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- The 2014 Big Picture on Cyber Security
- AFCEA Answers
- Ask the CIO
- Building the Hybrid Cloud
- Connected Government: How to Build and Procure Network Services for the Future
- Continuing Diagnostics and Mitigation: Discussion of Progress and Next Steps
- Federal Executive Forum
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- The Future of Government Data Centers
- The Future of IT: How CIOs Can Enable the Service-Oriented Enterprise
- The Intersection: Where Technology Meets Transformation
- Maximizing ROI Through Data Center Consolidation
- Mitigating Insider Threats in Virtual & Cloud Environments
- Modern Mission Critical Series
- Moving to the Cloud. What's the best approach for me
- Navigating Tough Choices in Government Cloud Computing
- The New Generation of Database
- Satellite Communications: Acquiring SATCOM in Tight Times
- Targeting Advanced Threats: Proven Methods from Detection through Remediation
- Transformative Technology: Desktop Virtualization in Government
- The Truth About IT Opex and Software Defined Networking
- Value of Health IT
- Air Traffic Management Transformation Report
- Cloud First Report
- General Dynamics IT Enterprise Center
- Gov Cloud Minute
- Government in Technology Series
- Homeland Security Cybersecurity Market Report
- National Cybersecurity Awareness Month
- Technology Insights
- The Cyber Security Report
- The Next Generation Cyber Security Experts
Shows & Panels
Search Tags: fallacies
With billions of dollars spent annually for government technology, is the federal government on the cutting edge or behind the curve? What's the truth behind the stereotype? Concluding our week-long series, 'The Five Fallacies of Government', Federal News Radio's Max Cacas examines the stereotype: "The government is behind the technology curve."
Op-Ed: While the government is becoming a better buyer, contracting improvements are required.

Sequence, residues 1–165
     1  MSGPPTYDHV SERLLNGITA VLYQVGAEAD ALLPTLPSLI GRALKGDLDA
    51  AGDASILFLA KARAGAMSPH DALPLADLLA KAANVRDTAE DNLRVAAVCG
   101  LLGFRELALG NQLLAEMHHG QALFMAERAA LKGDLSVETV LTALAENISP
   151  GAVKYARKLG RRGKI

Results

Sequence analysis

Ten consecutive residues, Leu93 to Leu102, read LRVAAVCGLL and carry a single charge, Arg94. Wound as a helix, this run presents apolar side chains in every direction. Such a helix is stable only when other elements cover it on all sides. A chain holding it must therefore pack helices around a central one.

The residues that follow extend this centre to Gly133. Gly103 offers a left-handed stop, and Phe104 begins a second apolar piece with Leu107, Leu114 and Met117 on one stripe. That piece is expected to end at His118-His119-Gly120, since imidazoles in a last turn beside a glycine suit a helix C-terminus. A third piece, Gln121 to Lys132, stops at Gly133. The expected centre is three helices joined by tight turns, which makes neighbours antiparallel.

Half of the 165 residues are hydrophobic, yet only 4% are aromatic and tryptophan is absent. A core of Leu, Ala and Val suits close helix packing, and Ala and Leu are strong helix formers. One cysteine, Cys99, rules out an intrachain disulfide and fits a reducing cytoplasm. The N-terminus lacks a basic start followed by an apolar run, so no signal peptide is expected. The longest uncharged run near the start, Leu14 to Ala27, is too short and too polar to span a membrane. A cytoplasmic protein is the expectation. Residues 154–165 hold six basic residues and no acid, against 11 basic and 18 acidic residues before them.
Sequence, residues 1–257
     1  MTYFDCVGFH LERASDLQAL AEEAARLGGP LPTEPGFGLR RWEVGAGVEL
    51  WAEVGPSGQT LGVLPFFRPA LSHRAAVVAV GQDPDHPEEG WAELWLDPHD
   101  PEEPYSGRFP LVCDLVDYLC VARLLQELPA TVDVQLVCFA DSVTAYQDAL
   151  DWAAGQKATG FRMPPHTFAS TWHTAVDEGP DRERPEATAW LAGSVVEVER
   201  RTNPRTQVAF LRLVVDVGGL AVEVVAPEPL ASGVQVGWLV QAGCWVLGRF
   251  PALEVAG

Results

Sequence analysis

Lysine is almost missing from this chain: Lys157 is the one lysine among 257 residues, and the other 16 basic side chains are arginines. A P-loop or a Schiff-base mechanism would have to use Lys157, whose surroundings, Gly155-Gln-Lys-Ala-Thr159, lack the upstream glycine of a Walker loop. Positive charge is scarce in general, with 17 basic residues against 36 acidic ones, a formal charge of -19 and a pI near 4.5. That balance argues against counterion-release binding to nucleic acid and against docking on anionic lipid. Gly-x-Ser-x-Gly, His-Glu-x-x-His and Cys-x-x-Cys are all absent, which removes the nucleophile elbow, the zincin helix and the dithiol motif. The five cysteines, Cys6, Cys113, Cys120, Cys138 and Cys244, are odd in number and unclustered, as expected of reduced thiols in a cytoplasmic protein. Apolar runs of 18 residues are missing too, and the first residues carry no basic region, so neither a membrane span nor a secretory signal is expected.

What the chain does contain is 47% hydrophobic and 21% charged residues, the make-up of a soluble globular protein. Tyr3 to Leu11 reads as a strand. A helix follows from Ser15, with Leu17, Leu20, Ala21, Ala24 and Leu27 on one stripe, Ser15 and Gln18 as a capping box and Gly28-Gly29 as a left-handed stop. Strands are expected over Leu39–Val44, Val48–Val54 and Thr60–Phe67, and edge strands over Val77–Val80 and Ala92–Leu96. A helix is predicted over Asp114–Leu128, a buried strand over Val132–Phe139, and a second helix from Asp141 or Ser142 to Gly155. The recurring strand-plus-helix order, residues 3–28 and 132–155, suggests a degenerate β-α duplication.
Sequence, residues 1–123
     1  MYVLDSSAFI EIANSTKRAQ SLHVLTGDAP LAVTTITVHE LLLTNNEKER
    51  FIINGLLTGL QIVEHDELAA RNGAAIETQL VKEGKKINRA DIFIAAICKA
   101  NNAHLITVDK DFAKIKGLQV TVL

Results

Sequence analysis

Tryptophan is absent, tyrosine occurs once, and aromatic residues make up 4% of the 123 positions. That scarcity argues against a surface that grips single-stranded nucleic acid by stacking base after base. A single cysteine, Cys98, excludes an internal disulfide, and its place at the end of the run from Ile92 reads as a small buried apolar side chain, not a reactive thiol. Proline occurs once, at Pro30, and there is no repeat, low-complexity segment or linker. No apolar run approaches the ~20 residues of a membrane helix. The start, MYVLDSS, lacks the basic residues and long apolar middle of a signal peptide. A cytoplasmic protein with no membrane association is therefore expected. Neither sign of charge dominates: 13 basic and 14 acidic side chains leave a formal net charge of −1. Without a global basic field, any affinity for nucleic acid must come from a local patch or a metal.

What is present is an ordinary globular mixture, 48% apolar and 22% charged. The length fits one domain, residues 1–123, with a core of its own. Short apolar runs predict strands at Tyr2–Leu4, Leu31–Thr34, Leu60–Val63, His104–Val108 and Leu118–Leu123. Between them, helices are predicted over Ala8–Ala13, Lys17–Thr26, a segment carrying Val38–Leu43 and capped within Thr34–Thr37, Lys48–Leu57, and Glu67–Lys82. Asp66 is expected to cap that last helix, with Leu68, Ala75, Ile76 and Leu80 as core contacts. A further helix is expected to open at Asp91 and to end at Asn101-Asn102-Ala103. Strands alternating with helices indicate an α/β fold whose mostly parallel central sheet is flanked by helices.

Experts say agencies are a tough buyer, especially when purchasing commodity or commercial items. The government's size and push for competition makes it an intelligent buyer too. The government still struggles, however, when writing requirements, long-time contracting officials say.
A common stereotype suggests that Federal workers enjoy cushy, 9-to-5 jobs. But is that true? Federal News Radio's Max Cacas continues our week-long special series, "The Five Fallacies of Government". Today: "Federal workers are in and out in 8 hours."
Anyone now working for the Federal Government or who knows someone who is a fed likely has their own story of how long it took to get the job. In some cases, it can take up to a year for some high-security jobs. But does it really have to be that way? Federal News Radio's Max Cacas continues our week-long special series, "the Five Fallacies of Government". Today: "The federal hiring process must be slow and arduous."
Tags: series , mngt , P&B , Senate Subcommittee on the Oversight of Government , federal workforce , Daniel Akaka , George Voinovich , John Berry , OPM , Jeffrey Zients , OMB , President Obama , Max Cacas , Senate Homeland Security and Governmental Affairs
Tax agency officials are not overly worried about potential retirement of large number of workers. IRS sees internship programs as one way to attract entry level workers. Students receive high impact assignments from senior agency officials to ensure they gain the experience and understanding of what the agency does.
What does the War of 1812 have to do with long-running, dire warnings of a government brain drain? Senior Correspondent Mike Causey thinks he's found a direct connection which explains why this is the crisis du jour year after year.
In today's look at the "5 Fallacies of Government?", FederalNewsRadio turns the focus on the "retirement wave" of the future.
These feds have keyboards and they're not afraid to use them!